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Bulgaria's Trifon Ivanov remembered for rugged looks and performances

Bulgaria's Trifon Ivanov, a key member of their 1994 World Cup side, has passed away.

Once upon a time, when he still was an active player, Trifon Ivanov bought a tank. He purchased it directly from the army, without ammunition, and drove the meadows of countryside in his spare time.

Eventually, he became bored with the tank and sold it. Ivanov, who passed away on Saturday aged 50 following a heart attack, was truly one of a kind.

Football lovers would easily recognise Ivanov after his remarkable performances for Bulgaria at the 1994 World Cup in the United States. He was imperious at the heart of the team that sensationally reached the semifinals, but also very noticeable because of his unusual looks. Big, broadly built, sporting long hair and a huge beard, he was nicknamed "The Wolf". His presence on the pitch was intimidating in the extreme.

Ahead of the quarterfinal clash against Germany, Ivanov amusingly told his coach Dimitar Penev not to worry: "Just relax. With my bloodthirsty look, they will be scared to death. Rudi Voller will fall to the ground when he feels my breath."

He had a superb game in a 2-1 win, best remembered for Yordan Lechkov's flying header. Ivanov's biggest moment came when he threw himself to block a fierce shot from Lothar Matthaus.

Such a selfless style endeared Trifon to all of Bulgaria. Levski Sofia fans are known to dislike CSKA Sofia players, past and present. They despise Hristo Stoichkov, for example, but Ivanov -- who had four spells at CSKA and won three league titles with them -- is adored even by the Levski faithful.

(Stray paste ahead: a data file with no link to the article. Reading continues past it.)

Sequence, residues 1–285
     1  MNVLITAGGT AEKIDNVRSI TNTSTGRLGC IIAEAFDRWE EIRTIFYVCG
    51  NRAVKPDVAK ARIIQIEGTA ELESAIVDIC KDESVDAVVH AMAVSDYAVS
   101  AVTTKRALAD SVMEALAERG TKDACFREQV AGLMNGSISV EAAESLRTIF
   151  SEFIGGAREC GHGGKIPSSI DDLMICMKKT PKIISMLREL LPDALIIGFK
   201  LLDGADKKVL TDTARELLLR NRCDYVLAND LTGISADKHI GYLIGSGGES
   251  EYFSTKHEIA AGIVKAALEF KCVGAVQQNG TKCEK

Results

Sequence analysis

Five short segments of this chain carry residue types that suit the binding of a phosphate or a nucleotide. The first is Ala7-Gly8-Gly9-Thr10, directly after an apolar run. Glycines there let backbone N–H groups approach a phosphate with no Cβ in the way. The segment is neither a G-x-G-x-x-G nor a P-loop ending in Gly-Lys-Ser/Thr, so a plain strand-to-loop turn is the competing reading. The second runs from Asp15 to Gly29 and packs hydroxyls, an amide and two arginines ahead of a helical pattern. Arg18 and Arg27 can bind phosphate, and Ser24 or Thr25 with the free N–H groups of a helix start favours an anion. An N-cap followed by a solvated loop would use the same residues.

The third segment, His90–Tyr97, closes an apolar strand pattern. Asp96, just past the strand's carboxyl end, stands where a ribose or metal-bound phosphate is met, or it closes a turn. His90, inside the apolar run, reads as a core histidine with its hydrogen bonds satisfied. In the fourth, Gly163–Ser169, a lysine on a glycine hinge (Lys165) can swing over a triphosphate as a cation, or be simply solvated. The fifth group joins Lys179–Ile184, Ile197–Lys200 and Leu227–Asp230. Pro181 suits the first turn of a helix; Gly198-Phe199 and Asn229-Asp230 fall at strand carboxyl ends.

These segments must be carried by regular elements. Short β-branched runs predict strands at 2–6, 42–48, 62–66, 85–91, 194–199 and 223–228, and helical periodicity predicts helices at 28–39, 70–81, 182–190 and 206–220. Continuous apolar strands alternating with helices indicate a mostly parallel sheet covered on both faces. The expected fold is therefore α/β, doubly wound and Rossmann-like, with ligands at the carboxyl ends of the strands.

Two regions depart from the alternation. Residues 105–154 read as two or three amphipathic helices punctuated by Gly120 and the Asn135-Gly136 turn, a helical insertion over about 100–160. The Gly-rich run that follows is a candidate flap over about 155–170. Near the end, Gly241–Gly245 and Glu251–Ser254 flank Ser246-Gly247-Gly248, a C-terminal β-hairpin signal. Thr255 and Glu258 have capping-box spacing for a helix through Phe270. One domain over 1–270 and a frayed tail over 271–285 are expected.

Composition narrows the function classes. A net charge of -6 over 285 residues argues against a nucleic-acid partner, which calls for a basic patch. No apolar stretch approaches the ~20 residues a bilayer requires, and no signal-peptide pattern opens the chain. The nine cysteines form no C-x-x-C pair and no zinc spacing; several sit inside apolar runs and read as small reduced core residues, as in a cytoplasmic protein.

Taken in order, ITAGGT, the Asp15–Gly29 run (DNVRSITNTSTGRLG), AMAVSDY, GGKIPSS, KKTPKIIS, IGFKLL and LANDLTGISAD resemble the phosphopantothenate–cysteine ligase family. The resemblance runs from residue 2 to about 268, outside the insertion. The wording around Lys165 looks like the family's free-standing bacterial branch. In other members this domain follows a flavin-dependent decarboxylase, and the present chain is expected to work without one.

"Trifon is respected by everyone, because it is impossible to hate him. He was a person who united all around him," Bulgarian journalist Konstantin Simidchiyski told ESPN FC.

That was indeed the case in the national team, where the dressing room was usually torn between Stoichkov's friends from CSKA and the Levski Sofia camp led by Borislav Mikhailov and Nasko Sirakov.

"I helped them negotiate with each other. Sometimes Stoichkov wouldn't train, claiming that his leg hurt, and they would immediately demand to know what's going on.

"I asked them to let him rest, and smoothed everything," Ivanov remembered.

His contribution to Bulgaria was immense ever since his debut in April 1988 -- bizarrely as a midfielder -- and duly scored from a Sirakov corner in a 1-1 draw with East Germany.

Ivanov scored six goals in 76 appearances for the national team and two of them stand out.

The first was the phenomenal volley against Wales in Cardiff that opened the score en route to their 3-0 win in Euro 96 qualifiers. Trifon received the ball on the edge of the penalty area and sent a stunner into the top corner without letting it touch the ground -- a strike of pure class by any player, let alone a rugged defender.

He possessed a great shooting technique from the days when he played as a striker at Etar Veliko Tarnovo, before one of the youth coaches decided that he was better suited to play at the back.

Many fans will remember Trifon Ivanov for his unique style.

The second was a superb header against Russia in the 1998 World Cup qualifiers. The 1-0 win made sure the Bulgarians finished top of the group ahead of their rivals and qualified for the tournament, which eventually turned out to be immensely disappointing. Bulgaria took just one point at the group stages, and captain Ivanov retired after the 6-1 thrashing at the hands of Spain.

That fact is somewhat symbolic, because Trifon started his Western European adventure in Spain after moving from CSKA Sofia to Real Betis in December 1990. He was so impressive in his first games that Johan Cruyff wanted to sign him for Barcelona, since Ronald Koeman was out injured. However, Betis owner Manuel Ruiz de Lopera refused to sell his star man.